Transactions among affiliates of South Korea's large business groups fell slightly in 2016 compared to a year earlier amid government pressure to root out unfair practices, the country's corporate watchdog said Thursday.
A total of 152.5 trillion won ($134.7 billion) worth of inter-affiliate deals by units of 27 conglomerates were made last year, down 7.1 trillion won from a year earlier, according to the Fair Trade Commission. But the deals accounted for 12.2 percent of all business contracts inked last year, up 0.5 percentage point from the previous year.
The number of business groups subject to the tough FTC surveillance fell to 27 from 47 over the one-year period as the watchdog raised the asset criteria to 10 trillion won in September last year from 5 trillion won. The business groups' equity investments and inter-affiliate loan guarantees are overseen by the FTC.
"The overall value of internal trading dropped as the FTC raised the minimum ceiling last year, but the percentage went up," the watchdog said in a release. "The FTC will keep monitoring such practices and take stern action."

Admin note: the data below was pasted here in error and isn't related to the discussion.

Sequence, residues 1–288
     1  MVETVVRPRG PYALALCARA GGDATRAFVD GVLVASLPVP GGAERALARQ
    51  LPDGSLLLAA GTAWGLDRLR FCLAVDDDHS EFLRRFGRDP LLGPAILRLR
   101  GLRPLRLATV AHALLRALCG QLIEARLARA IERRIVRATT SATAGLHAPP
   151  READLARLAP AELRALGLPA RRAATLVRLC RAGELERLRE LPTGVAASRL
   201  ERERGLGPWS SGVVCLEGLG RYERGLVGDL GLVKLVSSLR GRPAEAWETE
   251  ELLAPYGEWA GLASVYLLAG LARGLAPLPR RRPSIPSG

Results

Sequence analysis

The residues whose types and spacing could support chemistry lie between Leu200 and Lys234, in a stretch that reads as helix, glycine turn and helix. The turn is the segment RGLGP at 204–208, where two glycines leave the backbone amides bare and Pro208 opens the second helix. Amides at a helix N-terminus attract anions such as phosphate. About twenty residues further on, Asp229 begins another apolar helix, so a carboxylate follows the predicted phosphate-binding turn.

The current law forbids inter-affiliate trading within a business group whose owner and family hold more than 30 percent of the shares in an affiliate. Such trading is blamed for allowing owner families to easily net large profits by having subsidiaries award lucrative contracts to each other, undermining the principle of fair competition.
Hyundai Motor Group, South Korea's second-largest conglomerate by assets, reported the largest intra-affiliate deals, with a value of 30.3 trillion won, followed by SK Group with 29.4 trillion won and Samsung Group with 21.1 trillion won.
At the same time, such transactions by leading steelmaker POSCO accounted for 38.5 percent of the total, while Hyundai Heavy Industries came next with 37.4 percent and SK Group with 36.6 percent.
The latest data also showed that 849, or 83.2 percent, of the 1,021 affiliates belonging to the 27 conglomerates engaged in intra-group trading of some sort. Of these, 390 affiliated firms, or 38.2 percent of the total, reported inside deals making up more than 30 percent of their revenue. (Yonhap)